This story will climb inside you, and it isn’t even first hand. Or second hand. It’s third hand.
My niece is on the varsity field hockey team of our small town high school, and this past weekend she had a game. As my brother sprinted up to catch the action already in progress, what he saw instead was a more sobering scene of inactivity. The event had already taken place. And all that remained of it were players on both sides, and coaches, and concerned families, kneeling by a young girl writhing in pain.
This isn’t the first time my brother has encountered this brand of heart-dropping father-of-an-athlete scene, just as it’s not the first time he experienced it within the past week alone.
The injury did not belong to my niece, but we are all sobered by it. Those who were there – and even those of us who were not – are able to concentrate on little else.
This story isn’t fatal, but it sure is devastating. At some point during the game, thirty-five inches of composite field hockey stick was swung backward for momentum by one of the players, the curved face of the stick’s head powering upward, inadvertently smacking an opposing player — a young beautiful girl —with the sort of velocity that wreaks immediate structural damage.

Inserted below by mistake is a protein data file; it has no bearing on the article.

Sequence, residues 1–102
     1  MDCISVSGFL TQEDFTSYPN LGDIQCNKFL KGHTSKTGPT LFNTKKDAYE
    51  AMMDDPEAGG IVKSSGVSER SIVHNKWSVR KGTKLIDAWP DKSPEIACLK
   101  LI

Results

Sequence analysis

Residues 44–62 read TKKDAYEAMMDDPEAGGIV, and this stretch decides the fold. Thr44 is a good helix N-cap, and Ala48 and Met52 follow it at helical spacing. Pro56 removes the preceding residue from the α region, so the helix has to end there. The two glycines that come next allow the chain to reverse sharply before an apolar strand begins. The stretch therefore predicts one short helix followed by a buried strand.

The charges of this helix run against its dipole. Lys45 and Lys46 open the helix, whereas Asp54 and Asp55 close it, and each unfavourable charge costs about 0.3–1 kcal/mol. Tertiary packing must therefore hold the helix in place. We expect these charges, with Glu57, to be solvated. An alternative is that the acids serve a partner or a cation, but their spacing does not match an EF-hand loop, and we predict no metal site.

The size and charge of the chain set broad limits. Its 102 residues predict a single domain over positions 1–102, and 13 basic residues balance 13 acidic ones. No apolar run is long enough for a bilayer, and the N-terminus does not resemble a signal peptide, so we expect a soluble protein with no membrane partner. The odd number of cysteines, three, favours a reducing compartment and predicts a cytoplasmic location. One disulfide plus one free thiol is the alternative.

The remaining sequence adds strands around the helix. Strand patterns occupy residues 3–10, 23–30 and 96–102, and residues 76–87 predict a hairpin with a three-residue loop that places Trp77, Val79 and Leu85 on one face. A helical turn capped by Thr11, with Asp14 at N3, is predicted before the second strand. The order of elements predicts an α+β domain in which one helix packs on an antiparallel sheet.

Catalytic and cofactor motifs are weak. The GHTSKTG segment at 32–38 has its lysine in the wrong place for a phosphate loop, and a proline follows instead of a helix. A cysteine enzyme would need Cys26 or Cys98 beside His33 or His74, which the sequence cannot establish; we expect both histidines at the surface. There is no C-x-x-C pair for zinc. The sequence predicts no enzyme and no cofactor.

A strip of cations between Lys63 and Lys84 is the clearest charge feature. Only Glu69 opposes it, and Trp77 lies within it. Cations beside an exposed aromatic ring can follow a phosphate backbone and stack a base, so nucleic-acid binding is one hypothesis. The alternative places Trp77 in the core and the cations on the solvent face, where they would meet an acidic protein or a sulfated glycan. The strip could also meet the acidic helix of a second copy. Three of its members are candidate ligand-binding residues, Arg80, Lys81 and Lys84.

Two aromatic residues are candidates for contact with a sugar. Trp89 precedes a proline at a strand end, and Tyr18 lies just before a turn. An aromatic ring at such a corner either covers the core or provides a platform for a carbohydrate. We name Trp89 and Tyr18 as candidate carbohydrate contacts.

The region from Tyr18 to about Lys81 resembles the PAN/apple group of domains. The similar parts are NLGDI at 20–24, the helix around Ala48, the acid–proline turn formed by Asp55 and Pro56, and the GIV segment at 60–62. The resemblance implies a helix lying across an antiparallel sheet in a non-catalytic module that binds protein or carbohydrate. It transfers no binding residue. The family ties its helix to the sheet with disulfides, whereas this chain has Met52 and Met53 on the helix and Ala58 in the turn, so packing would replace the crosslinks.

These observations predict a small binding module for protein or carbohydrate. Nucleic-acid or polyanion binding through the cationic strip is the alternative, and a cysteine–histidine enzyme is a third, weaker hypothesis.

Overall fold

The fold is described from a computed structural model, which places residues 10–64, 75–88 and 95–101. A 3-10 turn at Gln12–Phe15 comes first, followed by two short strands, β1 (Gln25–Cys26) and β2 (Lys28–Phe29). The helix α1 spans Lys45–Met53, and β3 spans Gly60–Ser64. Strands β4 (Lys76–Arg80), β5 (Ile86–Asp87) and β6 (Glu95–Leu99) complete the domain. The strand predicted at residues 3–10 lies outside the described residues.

Her two front teeth were knocked clean out from the root. Her two lateral incisors were pushed into an unnatural dorsal slant. She was wearing a mouth guard. But bad mouth guards are lip service.
This past spring, I was cheering my same athlete niece on the softball field — and by the way, softballs aren’t soft. I was watching my niece pop her mouth guard in and out of her mouth before and after every play, from her position at shortstop. “It irritates her,” my brother explained.
I don’t know if my niece currently has a mouthguard that fits properly, but I’m quickly becoming an expert.
Mouth guards made their debut in the 1930s when boxers employed them for protection against swallowing teeth. In the 1970s, many college athletes began to wear mouth guards, and in the late 80s there was a study that proved that 75% of all oral-facial injuries occurred when there was no mouthguard present. Duh.
But only within the past ten years have mouth guards become mandatory equipment for high school athletes. Unfortunately not all mouth guards are created equal.
Ready-made and Boil and Bite mouth guards are available at the checkout counter of many sporting goods stores, but often do not provide the proper protection. Proper protection is considered to be 3 mm on the outer (lip and cheek) surfaces of the teeth, and 2 mm on the tongue, or inner surfaces of the teeth — which pads against both teeth and jaw injuries.
Poor fit means having to clamp down to keep the mouthguard in place, which is impossible to achieve with the element of surprise, when it matters most. And poor fit means the mouthguard doesn’t allow for proper breathing, team communication, or comfort, so it is often popped out of place momentarily, which is all the time it takes.
While proper fitting mouth guards are quite the investment, so are the teeth that will need replacing when the mouthguard fails. I urge parents of athletes to spend the money now that can help sidestep a much sadder loss later.